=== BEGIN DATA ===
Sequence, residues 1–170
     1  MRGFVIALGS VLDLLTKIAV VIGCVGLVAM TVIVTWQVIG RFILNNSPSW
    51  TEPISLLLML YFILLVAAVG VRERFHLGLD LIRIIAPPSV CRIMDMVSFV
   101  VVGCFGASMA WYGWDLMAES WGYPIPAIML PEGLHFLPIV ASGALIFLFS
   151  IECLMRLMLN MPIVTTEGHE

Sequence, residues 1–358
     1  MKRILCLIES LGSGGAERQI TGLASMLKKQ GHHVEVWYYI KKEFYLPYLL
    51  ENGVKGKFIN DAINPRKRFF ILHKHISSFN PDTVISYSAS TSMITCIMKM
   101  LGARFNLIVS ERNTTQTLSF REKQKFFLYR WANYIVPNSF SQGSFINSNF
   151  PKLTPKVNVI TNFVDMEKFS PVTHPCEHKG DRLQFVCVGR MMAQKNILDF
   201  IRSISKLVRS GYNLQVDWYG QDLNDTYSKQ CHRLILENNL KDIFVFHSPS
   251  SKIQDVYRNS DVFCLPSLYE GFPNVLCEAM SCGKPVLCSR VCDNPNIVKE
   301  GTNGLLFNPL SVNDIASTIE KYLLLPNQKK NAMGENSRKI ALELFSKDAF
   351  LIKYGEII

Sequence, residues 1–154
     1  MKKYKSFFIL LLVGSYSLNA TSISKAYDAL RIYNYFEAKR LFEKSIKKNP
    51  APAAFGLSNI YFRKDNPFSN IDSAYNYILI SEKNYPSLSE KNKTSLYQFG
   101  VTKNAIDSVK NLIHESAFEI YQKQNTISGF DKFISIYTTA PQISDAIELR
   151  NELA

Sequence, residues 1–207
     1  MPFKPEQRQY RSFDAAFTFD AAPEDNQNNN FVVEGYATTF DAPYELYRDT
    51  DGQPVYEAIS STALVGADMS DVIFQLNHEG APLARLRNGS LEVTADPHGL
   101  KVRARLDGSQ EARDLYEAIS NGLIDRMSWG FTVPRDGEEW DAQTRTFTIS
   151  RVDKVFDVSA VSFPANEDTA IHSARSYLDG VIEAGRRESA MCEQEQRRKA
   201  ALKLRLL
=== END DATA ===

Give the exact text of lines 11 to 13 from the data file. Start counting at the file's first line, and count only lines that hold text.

   201  IRSISKLVRS GYNLQVDWYG QDLNDTYSKQ CHRLILENNL KDIFVFHSPS
   251  SKIQDVYRNS DVFCLPSLYE GFPNVLCEAM SCGKPVLCSR VCDNPNIVKE
   301  GTNGLLFNPL SVNDIASTIE KYLLLPNQKK NAMGENSRKI ALELFSKDAF